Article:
At Dior’s Newly Revamped Paris Flagship, LVMH Doubles Down on Experiential Retail
After a two-year renovation, Dior is reopening its historic 30 Montaigne flagship in Paris. Featuring a museum, restaurant, hotel suite, and salon, the project is a big bet on fully immersive brand experience as luxury brands attempt to widen their scope beyond fashion into the realms of culture, art, and hospitality.
Dior’s newly revamped flagship at 30 Avenue Montaigne in Paris. Photography by Adrien Dirand
In 1946, Christian Dior founded his maison in a stately Parisian hôtel particulier at 30 Avenue Montaigne that eventually became the French label’s top-selling flagship. It closed in 2019 for a sweeping makeover, which entailed the LVMH-backed maison acquiring six contiguous historic buildings and combining them into a 108,000-square-foot emporium offering a wholly integrated Dior universe designed by luxury retail’s go-to interior architect Peter Marino.
Besides offering womenswear, menswear, accessories, homewares, jewelry, and beauty products imbued with Dior’s savoir faire, the flagship abounds with fanciful details like a luminous sculpture by Paul Cocksedge, suspended in an airy atrium, that mimics Christian Dior’s sketches falling from his desk. An adjoining museum recites the label’s history through the lens of its esteemed creative directors such as Yves Saint Laurent and John Galliano, while the on-site restaurant is helmed by French culinary breakout star Jean Imbert. There’s even a standalone hotel room that allows guests the chance to keep the store open all night for exclusive 24/7 access. “We wanted to build a kind of Luna Park of the senses,” Pietro Beccari, CEO of Dior, tells Business of Fashion. “Someone coming here, if they loved Dior they will love it even more. If they didn’t, they’ll be convinced about the value of this brand.”
LVMH continues to make ambitious forays into experiential retail, which they see as a key strategy for brick-and-mortar businesses to circumvent an evolving retail landscape that’s increasingly pivoting to e-commerce. Expanding its luxury travel portfolio has been a focus, from the expansion of Bulgari-branded properties to Fendi’s pop-up cafes to the acquisition of high-end hotel group Belmond.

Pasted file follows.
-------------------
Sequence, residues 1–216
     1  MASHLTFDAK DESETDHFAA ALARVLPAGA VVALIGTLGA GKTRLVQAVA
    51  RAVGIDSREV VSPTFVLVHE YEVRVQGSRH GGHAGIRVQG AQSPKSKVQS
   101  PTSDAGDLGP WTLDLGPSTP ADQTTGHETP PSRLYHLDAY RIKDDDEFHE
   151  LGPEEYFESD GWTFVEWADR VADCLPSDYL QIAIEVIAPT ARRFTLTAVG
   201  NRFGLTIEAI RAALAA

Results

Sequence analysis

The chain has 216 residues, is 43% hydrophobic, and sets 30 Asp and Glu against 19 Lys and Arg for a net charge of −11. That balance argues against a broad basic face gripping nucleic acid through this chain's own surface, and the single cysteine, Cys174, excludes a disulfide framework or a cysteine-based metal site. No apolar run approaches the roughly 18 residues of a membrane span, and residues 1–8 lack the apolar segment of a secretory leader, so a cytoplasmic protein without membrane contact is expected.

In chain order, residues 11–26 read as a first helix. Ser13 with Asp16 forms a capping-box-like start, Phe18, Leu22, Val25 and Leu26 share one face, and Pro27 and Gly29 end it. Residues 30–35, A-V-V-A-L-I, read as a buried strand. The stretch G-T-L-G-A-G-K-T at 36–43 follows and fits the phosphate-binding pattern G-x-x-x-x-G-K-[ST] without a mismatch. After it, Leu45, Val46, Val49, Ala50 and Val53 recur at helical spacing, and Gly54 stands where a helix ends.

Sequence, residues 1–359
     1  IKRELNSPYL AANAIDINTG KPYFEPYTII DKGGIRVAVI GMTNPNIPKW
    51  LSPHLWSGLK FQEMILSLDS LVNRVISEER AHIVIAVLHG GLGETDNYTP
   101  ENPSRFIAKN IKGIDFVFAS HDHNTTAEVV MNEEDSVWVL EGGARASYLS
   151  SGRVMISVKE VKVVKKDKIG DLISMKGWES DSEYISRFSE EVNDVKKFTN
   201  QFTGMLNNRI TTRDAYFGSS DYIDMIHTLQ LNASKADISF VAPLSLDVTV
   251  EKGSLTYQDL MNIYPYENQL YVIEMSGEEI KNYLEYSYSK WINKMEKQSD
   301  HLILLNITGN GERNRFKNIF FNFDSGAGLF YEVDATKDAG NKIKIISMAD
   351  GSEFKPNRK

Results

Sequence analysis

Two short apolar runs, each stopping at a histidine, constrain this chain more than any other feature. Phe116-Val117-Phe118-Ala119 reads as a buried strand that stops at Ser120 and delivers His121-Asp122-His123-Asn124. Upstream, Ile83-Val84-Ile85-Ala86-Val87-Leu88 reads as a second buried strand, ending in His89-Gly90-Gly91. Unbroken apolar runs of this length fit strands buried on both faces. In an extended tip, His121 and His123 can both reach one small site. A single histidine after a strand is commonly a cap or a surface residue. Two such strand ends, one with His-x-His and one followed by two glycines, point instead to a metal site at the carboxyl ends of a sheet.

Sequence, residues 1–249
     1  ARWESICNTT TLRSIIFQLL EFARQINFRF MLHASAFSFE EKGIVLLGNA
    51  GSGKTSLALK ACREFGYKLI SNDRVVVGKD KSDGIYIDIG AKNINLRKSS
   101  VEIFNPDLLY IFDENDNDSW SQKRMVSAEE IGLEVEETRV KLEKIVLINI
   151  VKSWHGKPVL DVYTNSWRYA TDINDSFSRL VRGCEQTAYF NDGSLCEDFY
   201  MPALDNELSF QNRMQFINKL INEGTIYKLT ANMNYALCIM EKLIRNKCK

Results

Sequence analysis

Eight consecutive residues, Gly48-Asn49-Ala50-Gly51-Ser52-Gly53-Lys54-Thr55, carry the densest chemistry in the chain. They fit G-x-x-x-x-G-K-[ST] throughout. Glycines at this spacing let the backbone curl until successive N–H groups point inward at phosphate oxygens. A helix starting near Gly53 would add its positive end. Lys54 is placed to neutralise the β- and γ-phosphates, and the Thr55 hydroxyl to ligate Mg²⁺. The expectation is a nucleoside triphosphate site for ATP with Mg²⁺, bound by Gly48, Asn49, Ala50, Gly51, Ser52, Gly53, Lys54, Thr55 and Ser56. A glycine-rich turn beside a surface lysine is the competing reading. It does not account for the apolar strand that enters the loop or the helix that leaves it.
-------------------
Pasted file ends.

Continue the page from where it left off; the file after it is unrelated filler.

La Samaritaine in Paris. Photography by Matthieu Salvaing
The conglomerate also recently bankrolled the long-awaited refurbishment of storied Parisian department store La Samaritaine, an all-in-one shopping destination that stocks such luxury brands as Fendi, Balenciaga, and Givenchy and offers five-star accommodations at the Cheval Blanc hotel, also designed by Marino. The success of La Samaritaine remains to be seen, and LVMH executives are notoriously tight-lipped about sales numbers; at the ribbon-cutting, a publicist stated that “we don’t want to talk of figures—that would spoil the dream.” Still, HSBC estimates that Dior’s revenue has tripled from $2.4 billion to $7.2 billion since Beccari took the reins in early 2018.
LVMH brand sales have boomed during the pandemic, but the wisdom of its all-encompassing strategy for in-person experiences is still a bold bet on consumer behavior and brand loyalty. Do people want all LVMH all the time? We’re about to find out.